It’s easy to pin an existing label on a new movement: Soundcloud rap is the new punk, Kendrick Lamar is the new Tupac, etc. Over the past year, the rise of boyband Brockhampton has often been proclaimed as “the new Odd Future”. But really in sound, style, and overall aesthetic these groups are nothing alike. The comparison is merely a testament to the sense of comfort familiarising something we don’t understand creates. Brockhampton instead, is evidence of progression in hip-hop, a journey that began with Odd Future at the start of this decade. In reality really these groups don’t represent similarities but instead demonstrate hip-hop’s change in recent years.
Brockhampton originated in the same place Odd Future thrived: the internet. Beginning with a post on the forum KanyeToThe, Brockhampton became a movement that somewhat mirrored the intent of Odd Future, and that was to create a space for creatives to express themselves. However, while Odd Future was formed in 2007, an era in which while the internet existed, the braggadocio of hip-hop still ran rampant through artists like 50 Cent. In contrast, Brockhampton rose in a time of groups like Death Grips, in which saw the boundaries already begin to be abolished. The differentiation in eras saw Tyler, and the rest of Odd Future run away from the realms of hip-hop for the sake of self expression, while Brockhampton aimed to make hip-hop all inclusive with the influence of the internet opening the floodgates for cultural shift.
The difference between both groups isn’t only prominent by looking at the climates they exist in, but the juxtaposition in sounds and messages. Odd Future’s initial style consisted of dark, synth-heavy production and violent, graphical lyrics that resembles the themes of horrorcore and early Eminem. Aesthetically, they also embodied the unique, off-kilter sensibilities of their music, with instances such as Tyler The Creator sporting contact lenses and eating cockroaches in the ‘Yonkers’ video. Their whole ideology was to rebel against the normalities of hip-hop, and use sensationalist, nihilistic lyrics to cause a stir in contemporary music. Brockhampton however, uses a variety of sounds that range from melodic to aggressive, in order to tackle social issues, and provide spaces for inclusion in hip-hop. On ‘Junky’, Kevin Abstract tackles homophobia and his experience with sexuality, as well as other members such as Matt Champion tackling sexism on the track. While Odd Future used off-kilter sounds to separate themselves from the flock, Brockhampton uses the sounds of contemporary, rap and pop to make the flock a more open minded, welcoming place to exist.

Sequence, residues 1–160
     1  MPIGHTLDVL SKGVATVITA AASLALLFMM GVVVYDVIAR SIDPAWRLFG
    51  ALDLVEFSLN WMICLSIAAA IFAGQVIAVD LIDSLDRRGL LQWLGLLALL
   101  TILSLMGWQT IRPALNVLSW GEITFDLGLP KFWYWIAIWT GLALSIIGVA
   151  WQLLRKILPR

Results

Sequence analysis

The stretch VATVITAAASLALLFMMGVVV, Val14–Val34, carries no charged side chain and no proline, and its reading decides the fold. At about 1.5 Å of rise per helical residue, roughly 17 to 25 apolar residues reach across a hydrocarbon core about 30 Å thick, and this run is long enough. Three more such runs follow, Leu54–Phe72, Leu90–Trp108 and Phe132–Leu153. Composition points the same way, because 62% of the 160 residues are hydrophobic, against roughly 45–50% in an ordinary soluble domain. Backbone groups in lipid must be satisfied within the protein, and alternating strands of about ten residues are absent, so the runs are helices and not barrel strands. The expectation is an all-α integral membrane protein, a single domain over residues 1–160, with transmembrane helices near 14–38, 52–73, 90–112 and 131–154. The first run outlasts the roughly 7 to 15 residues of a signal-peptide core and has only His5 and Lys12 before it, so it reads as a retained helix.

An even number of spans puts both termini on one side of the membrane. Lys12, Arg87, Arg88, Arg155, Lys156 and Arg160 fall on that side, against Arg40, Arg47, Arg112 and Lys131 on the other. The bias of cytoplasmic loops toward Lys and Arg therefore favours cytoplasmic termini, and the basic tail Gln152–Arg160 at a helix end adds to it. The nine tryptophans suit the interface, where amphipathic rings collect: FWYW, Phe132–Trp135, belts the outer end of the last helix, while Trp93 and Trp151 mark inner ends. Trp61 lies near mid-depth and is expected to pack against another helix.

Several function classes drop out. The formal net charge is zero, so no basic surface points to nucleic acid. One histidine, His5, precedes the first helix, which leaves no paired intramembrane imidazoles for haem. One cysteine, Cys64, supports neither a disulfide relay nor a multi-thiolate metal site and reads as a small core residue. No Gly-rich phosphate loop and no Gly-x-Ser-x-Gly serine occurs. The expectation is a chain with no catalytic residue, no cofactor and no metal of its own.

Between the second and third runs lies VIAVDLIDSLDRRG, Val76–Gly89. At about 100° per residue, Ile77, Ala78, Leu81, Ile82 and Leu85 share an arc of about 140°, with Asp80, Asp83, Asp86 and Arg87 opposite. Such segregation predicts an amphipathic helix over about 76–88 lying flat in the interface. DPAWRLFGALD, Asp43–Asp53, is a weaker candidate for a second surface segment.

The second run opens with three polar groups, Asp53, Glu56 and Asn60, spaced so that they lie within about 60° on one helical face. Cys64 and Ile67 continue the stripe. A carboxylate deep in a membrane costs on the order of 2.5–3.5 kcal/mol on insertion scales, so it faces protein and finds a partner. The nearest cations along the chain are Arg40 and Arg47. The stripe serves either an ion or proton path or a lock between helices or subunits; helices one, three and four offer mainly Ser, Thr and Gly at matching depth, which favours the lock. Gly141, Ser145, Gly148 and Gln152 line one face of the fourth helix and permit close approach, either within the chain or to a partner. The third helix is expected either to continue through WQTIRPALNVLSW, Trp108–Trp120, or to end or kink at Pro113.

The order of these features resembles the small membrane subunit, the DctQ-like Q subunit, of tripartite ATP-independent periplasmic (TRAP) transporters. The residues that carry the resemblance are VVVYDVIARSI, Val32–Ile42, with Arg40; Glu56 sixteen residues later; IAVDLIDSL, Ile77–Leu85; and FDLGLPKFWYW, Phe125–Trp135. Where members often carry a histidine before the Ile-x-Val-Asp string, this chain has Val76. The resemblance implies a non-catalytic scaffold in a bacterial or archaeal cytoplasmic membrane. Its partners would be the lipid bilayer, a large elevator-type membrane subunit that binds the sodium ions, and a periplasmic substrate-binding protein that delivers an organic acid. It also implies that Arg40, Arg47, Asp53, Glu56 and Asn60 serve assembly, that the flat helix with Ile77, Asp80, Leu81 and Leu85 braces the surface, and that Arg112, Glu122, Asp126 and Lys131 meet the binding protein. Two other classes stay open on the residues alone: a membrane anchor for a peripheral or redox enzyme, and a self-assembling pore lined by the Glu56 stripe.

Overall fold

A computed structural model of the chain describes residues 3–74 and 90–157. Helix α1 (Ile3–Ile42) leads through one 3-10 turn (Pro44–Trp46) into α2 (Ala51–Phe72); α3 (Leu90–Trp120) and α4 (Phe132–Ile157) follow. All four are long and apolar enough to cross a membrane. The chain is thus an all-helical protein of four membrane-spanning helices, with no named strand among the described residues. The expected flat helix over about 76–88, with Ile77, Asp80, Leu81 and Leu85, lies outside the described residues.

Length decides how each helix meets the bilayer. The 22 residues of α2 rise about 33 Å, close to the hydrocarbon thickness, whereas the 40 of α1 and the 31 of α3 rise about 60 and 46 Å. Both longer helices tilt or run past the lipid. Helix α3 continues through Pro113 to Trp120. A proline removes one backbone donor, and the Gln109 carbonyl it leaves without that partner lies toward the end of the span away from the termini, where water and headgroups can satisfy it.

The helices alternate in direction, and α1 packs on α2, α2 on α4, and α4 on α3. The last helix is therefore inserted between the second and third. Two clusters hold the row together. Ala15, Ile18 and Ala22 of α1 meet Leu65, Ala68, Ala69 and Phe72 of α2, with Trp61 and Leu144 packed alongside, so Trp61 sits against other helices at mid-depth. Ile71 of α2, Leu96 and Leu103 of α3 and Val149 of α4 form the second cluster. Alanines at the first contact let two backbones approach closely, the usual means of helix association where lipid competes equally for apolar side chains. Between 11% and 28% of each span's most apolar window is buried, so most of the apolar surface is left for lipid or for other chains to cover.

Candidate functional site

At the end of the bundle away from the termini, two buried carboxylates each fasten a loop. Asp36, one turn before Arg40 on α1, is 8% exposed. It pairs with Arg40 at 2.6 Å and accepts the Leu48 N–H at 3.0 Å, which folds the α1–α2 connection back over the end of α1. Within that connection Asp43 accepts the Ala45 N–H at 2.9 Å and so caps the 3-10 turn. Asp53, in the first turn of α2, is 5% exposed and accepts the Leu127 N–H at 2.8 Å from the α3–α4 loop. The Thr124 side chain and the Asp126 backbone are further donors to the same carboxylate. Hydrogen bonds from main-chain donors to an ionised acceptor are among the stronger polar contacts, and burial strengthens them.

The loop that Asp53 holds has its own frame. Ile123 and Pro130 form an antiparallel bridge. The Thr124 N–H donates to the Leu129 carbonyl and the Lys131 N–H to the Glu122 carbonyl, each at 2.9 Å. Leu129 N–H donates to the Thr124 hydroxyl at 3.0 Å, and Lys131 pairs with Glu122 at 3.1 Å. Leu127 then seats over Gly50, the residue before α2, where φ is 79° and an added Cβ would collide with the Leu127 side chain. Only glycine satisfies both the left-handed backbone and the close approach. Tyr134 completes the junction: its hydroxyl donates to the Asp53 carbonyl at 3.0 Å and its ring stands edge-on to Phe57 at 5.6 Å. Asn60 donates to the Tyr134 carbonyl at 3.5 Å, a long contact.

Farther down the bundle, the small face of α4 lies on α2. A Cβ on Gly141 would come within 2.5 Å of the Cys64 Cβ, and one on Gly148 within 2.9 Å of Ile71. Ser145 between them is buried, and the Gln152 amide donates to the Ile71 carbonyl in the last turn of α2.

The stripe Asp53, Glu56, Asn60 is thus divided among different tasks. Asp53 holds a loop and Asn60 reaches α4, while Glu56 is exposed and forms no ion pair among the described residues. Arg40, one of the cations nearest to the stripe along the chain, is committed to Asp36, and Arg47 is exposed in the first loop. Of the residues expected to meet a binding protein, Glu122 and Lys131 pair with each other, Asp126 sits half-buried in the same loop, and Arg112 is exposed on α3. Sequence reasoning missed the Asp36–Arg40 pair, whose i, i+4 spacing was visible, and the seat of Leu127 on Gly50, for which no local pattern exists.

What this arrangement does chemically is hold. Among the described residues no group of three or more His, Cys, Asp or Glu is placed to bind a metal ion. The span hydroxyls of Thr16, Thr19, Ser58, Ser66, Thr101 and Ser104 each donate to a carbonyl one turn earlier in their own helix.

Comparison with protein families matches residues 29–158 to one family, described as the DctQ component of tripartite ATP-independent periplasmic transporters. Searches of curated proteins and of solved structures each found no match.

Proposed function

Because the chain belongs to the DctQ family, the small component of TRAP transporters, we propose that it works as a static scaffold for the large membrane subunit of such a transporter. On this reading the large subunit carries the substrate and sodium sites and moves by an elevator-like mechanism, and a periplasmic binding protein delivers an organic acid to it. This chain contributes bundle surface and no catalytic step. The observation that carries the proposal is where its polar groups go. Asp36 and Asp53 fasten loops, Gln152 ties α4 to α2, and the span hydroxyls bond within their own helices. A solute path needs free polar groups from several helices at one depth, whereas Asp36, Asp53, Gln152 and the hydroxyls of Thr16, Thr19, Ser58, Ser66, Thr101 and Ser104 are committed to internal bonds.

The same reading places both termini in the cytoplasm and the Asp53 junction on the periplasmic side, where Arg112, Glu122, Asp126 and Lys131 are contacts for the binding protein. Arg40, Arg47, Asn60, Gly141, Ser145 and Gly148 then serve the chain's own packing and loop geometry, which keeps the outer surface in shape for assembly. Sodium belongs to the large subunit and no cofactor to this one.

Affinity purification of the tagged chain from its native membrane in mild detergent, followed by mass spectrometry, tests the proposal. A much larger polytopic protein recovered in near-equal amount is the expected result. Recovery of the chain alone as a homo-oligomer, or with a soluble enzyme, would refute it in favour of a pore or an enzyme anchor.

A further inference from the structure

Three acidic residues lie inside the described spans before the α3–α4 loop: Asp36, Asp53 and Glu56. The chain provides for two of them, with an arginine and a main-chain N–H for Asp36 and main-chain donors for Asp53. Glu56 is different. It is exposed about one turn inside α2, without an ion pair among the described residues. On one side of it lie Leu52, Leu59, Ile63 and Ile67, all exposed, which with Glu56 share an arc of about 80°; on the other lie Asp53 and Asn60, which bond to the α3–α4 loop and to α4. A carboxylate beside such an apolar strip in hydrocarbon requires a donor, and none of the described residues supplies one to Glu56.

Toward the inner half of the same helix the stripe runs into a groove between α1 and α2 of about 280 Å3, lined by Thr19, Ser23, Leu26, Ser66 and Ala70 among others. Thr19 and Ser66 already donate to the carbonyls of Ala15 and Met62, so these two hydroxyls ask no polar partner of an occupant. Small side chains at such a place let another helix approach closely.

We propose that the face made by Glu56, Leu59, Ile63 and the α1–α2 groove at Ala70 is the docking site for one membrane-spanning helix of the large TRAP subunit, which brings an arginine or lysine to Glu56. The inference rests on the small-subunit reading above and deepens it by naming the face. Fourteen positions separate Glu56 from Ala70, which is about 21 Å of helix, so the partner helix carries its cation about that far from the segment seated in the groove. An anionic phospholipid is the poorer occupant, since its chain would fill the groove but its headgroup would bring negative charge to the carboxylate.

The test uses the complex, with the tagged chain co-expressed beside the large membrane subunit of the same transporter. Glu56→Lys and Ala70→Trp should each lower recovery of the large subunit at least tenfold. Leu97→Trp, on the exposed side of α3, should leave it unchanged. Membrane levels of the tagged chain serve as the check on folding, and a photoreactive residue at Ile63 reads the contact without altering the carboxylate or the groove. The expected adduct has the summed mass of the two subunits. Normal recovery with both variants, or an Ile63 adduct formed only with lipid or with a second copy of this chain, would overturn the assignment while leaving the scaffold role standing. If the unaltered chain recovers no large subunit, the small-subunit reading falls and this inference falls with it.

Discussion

As hip-hop constantly changes, so does the audiences the genre attracts. Looking at the audiences at the start of the decade compared to now, it becomes more prominent that both Odd Future and Brockhampton are completely different entities. As stated before, although we had artists like Kid Cudi and Kanye West around the time of Odd Future’s ascendance, it was still a predominantly egocentric genre where the music of artists like Gucci Mane, Jeezy, and Tyga tended to exclude demographics that didn’t consist of the same alpha-male stereotypes. Odd Future’s rebellion created an alternative to the likes of Atlanta trap and Chicago drill, providing a quirkier experimental take on the sounds of the mainstream for different audiences to consume. The imagery appeal to fans of metal, the chords appeals to fans of jazz, the eccentricity attracted music goers from all different types of genres, thus broadening the horizons of hip-hop. This movement spawned Mac Miller’s dive into existentialism, the stern honesty of Vince Staples, and a whole internet age that saw acts like Die Antwoord and Yung Lean become accepted in the rap community.
Along with this movement Brockhampton was created, and with their rise comes their ambition to continue expanding the deteriorating boundaries of hip-hop. Using their open-minded perspectives and progressive thinking to do so. The difference is that Brockhampton isn’t looking to be in a lane of their own like Odd Future—but instead change the existing lane to be a safer place for everyone.
- Image via: Instagram